Everything that’s old is new again. That’s how the tech game is played. Products evolve and leave vacuums for new startups to rush in and fill. For Mighty, the long, slow death of the MP3 player presented just such an opening.
The company launched a Kickstarter last year with the promise of “streaming music without your phone,” delivering the still-tangible benefits of devoted music hardware for the Spotify generation. The startup built up enough excitement to hit $300k on the crowdfunding site, and the recent end of the iPod shuffle and nano have only furthered that interest among consumers.
CEO Anthony Mendelson tells us that company has embraced the media’s christening of the devices as an “iPod shuffle for Spotify.” While much of the underlying technology is different, the principle is basically the same: a screenless, clip-on player for taking music on the go.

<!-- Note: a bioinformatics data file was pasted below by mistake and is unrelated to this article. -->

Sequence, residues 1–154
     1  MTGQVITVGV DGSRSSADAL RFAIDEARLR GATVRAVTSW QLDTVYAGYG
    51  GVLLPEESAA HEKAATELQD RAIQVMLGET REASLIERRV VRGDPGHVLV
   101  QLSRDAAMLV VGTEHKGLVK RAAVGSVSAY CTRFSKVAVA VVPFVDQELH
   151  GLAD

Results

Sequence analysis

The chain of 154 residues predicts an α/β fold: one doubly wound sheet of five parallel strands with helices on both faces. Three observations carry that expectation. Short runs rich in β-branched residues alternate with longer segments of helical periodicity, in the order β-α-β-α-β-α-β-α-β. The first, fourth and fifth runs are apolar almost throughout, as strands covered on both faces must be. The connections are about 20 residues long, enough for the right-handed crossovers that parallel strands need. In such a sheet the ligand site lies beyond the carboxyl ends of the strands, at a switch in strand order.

It’s a small niche in the overall music listening market, and clearly Apple didn’t see enough value in continuing to produce the things.
But there are certain scenarios that aren’t served by phones alone. Fitness is probably the largest — going for a run with a smartphone is a pain. There’s also an opening for users with an underground commute and people who frequently have to switch into airplane mode. Parents have expressed interest in the device so they don’t have to hand kids their phone to listen to music and people have also picked a Mighty up for elderly parents.
Price was alway the other key to the shuffle’s success, and Mighty has taken great pains to keep its first player under $100. That’s easier said than done for a relatively small run from a brand new company, but the device (known as the M1, internally) is priced at $86 — pricier than the last Shuffle, but at a considerably higher (8GB) capacity. Hitting that price point required some comprises on the company’s part, and there are still a fair number of wrinkles to iron out here,…